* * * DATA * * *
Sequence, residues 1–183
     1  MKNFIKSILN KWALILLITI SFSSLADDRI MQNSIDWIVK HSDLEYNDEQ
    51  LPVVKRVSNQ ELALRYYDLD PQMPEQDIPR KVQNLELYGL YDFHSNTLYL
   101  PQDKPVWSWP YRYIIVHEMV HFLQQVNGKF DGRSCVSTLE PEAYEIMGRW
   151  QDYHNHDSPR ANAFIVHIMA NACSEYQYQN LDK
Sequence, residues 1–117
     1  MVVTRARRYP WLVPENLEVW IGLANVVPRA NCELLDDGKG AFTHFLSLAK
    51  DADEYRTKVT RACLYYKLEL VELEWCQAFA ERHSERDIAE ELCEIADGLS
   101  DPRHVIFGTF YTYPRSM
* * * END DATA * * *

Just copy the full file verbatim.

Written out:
Sequence, residues 1–183
     1  MKNFIKSILN KWALILLITI SFSSLADDRI MQNSIDWIVK HSDLEYNDEQ
    51  LPVVKRVSNQ ELALRYYDLD PQMPEQDIPR KVQNLELYGL YDFHSNTLYL
   101  PQDKPVWSWP YRYIIVHEMV HFLQQVNGKF DGRSCVSTLE PEAYEIMGRW
   151  QDYHNHDSPR ANAFIVHIMA NACSEYQYQN LDK
Sequence, residues 1–117
     1  MVVTRARRYP WLVPENLEVW IGLANVVPRA NCELLDDGKG AFTHFLSLAK
    51  DADEYRTKVT RACLYYKLEL VELEWCQAFA ERHSERDIAE ELCEIADGLS
   101  DPRHVIFGTF YTYPRSM